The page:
The XXfactor women debating Grindr, the gay GPS-equipped hook-up app, is oddly fascinating:

If the virtual world has been good for anything besides the spread of grammatically disabled cat photos, it's been forging a new utilitarianism for sexual relations. There are already Web sites for casual hookups and forums for finding someone to play out your sexual fantasies. You don't have to take off your wedding ring at a hotel bar Don Draper-style to have an affairyou can just log on to AshleyMadison.com and find another, no-strings-attached, willing adulterer. When I was 16, a girl in my math class asked me what "blue balls" were. I thought it was an ice-cream brand. (I was thinking of Blue Bell, obvs.) Now teenagers outfitted with iPhones are hardly misinformed about anything anymore. This isn't wholly good, but it's definitely not wholly bad, either. There's going to be a Grindr-esque app for everyone sooner or later, and it's going to rock boatfuls of social-moral milieus. It's just inevitable.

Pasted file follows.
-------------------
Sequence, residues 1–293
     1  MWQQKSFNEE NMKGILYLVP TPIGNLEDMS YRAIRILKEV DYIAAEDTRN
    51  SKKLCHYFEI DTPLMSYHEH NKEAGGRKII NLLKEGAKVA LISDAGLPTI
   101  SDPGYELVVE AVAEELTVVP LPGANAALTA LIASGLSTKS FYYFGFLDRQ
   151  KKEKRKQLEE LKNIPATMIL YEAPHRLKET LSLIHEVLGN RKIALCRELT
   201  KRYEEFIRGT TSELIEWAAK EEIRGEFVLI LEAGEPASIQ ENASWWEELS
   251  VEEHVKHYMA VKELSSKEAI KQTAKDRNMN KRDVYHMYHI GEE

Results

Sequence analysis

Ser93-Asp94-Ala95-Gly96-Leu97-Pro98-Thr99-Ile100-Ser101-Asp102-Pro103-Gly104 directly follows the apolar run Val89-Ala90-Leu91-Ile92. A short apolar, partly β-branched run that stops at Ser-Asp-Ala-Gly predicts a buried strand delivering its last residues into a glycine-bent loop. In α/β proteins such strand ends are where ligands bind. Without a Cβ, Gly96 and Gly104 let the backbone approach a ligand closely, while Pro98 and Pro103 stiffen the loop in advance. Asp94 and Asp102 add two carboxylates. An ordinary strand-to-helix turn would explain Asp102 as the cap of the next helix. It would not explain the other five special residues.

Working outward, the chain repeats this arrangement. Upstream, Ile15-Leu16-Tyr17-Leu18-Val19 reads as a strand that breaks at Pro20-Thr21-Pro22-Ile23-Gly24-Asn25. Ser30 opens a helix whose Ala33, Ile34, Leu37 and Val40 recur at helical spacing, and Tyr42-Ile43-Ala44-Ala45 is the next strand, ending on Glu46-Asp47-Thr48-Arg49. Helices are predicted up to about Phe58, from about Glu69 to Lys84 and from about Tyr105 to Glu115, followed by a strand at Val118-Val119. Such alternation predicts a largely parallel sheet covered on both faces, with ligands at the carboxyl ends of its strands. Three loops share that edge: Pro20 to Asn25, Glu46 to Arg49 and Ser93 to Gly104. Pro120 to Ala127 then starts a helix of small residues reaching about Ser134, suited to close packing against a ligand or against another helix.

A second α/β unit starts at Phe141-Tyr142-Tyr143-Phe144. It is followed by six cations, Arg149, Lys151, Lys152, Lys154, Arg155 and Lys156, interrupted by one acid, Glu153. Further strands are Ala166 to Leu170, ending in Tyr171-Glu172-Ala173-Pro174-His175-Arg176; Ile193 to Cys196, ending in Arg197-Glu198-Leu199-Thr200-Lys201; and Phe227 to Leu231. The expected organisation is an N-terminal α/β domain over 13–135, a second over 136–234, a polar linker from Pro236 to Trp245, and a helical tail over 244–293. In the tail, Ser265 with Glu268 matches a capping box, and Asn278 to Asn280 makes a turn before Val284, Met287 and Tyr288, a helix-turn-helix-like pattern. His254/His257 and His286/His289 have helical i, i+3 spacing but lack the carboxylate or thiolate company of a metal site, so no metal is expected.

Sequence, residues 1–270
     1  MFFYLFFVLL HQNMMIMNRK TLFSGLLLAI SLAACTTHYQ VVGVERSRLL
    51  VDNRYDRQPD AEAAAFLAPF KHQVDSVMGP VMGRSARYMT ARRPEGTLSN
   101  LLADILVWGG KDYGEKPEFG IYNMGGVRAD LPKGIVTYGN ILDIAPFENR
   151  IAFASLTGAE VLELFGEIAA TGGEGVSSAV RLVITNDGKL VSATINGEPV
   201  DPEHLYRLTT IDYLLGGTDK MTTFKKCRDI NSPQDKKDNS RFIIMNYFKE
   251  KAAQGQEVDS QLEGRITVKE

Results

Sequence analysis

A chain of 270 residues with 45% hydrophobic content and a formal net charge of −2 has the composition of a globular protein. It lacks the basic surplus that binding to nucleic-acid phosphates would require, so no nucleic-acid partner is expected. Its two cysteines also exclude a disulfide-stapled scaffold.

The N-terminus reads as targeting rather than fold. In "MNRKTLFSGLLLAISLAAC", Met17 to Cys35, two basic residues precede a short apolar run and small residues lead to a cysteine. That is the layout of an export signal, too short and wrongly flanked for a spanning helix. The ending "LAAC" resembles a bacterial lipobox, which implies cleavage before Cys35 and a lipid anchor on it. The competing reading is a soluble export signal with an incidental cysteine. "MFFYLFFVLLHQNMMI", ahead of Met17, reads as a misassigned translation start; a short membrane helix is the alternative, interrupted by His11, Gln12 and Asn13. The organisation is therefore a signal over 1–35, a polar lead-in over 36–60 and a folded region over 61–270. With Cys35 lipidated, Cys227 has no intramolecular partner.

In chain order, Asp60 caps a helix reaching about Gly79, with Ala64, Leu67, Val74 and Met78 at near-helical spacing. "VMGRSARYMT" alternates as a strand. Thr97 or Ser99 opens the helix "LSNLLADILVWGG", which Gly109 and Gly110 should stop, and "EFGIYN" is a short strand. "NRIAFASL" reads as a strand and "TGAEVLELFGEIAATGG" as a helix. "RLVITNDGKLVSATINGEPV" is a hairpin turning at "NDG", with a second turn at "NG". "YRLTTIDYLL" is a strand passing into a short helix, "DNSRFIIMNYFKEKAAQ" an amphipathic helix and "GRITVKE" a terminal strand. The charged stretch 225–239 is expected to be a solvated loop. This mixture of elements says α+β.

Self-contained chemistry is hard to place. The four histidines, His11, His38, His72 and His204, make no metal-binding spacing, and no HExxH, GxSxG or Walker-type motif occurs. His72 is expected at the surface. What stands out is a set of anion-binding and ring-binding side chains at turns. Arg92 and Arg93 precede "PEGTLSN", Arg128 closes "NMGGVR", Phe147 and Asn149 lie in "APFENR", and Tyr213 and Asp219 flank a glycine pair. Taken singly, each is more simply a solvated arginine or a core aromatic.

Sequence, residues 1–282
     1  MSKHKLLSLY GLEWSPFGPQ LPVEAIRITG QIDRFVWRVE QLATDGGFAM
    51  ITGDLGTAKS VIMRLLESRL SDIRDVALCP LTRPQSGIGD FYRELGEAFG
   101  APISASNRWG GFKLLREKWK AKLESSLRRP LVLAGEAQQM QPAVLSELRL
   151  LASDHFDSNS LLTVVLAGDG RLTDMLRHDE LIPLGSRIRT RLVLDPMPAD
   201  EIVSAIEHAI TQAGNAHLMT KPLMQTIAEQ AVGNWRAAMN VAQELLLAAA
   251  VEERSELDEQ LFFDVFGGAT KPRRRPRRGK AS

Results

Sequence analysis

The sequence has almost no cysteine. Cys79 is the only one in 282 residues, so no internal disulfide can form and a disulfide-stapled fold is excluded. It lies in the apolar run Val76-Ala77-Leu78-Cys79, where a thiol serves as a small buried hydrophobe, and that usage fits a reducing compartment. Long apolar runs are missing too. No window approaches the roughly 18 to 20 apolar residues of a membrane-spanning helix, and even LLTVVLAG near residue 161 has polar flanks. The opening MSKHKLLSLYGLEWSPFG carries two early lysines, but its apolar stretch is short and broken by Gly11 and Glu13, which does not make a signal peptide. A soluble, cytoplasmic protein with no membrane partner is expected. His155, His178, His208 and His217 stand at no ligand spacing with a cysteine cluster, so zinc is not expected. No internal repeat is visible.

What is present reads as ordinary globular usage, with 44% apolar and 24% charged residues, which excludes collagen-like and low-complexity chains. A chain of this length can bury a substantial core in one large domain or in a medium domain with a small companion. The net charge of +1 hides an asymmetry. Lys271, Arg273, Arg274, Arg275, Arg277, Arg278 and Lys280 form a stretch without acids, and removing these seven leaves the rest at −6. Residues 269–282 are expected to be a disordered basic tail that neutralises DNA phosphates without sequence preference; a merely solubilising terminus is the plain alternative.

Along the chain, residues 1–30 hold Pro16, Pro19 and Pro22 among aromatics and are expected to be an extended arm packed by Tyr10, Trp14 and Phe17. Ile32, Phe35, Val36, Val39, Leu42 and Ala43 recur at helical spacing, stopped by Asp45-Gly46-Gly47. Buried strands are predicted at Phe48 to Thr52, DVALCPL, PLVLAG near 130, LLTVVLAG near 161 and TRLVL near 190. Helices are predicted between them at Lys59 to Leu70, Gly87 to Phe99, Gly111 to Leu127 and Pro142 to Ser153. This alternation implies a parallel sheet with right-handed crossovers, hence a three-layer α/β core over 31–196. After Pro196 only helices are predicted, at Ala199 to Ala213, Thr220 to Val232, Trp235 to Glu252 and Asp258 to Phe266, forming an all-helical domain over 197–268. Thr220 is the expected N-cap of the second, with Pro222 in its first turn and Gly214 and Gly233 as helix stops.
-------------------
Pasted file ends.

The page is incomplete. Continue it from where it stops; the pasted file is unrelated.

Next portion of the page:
Follow up here.

We want to hear what you think about this article. Submit a letter to the editor or write to letters@theatlantic.com.